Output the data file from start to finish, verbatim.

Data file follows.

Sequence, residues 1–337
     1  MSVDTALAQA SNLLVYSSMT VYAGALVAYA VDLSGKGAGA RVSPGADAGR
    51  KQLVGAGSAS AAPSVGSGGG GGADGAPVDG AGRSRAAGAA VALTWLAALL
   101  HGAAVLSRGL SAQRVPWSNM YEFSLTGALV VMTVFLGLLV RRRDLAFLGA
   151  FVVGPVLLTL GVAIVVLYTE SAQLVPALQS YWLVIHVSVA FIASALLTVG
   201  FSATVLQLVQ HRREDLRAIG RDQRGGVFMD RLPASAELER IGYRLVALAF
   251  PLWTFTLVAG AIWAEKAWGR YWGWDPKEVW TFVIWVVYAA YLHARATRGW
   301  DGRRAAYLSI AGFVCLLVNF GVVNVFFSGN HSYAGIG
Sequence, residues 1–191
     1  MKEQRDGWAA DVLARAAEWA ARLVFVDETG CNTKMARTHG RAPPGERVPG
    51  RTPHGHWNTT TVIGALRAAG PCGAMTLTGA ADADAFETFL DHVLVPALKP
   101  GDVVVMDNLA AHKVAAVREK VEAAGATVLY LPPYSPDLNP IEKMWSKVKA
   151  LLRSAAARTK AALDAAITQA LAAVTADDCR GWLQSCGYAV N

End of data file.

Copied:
Sequence, residues 1–337
     1  MSVDTALAQA SNLLVYSSMT VYAGALVAYA VDLSGKGAGA RVSPGADAGR
    51  KQLVGAGSAS AAPSVGSGGG GGADGAPVDG AGRSRAAGAA VALTWLAALL
   101  HGAAVLSRGL SAQRVPWSNM YEFSLTGALV VMTVFLGLLV RRRDLAFLGA
   151  FVVGPVLLTL GVAIVVLYTE SAQLVPALQS YWLVIHVSVA FIASALLTVG
   201  FSATVLQLVQ HRREDLRAIG RDQRGGVFMD RLPASAELER IGYRLVALAF
   251  PLWTFTLVAG AIWAEKAWGR YWGWDPKEVW TFVIWVVYAA YLHARATRGW
   301  DGRRAAYLSI AGFVCLLVNF GVVNVFFSGN HSYAGIG
Sequence, residues 1–191
     1  MKEQRDGWAA DVLARAAEWA ARLVFVDETG CNTKMARTHG RAPPGERVPG
    51  RTPHGHWNTT TVIGALRAAG PCGAMTLTGA ADADAFETFL DHVLVPALKP
   101  GDVVVMDNLA AHKVAAVREK VEAAGATVLY LPPYSPDLNP IEKMWSKVKA
   151  LLRSAAARTK AALDAAITQA LAAVTADDCR GWLQSCGYAV N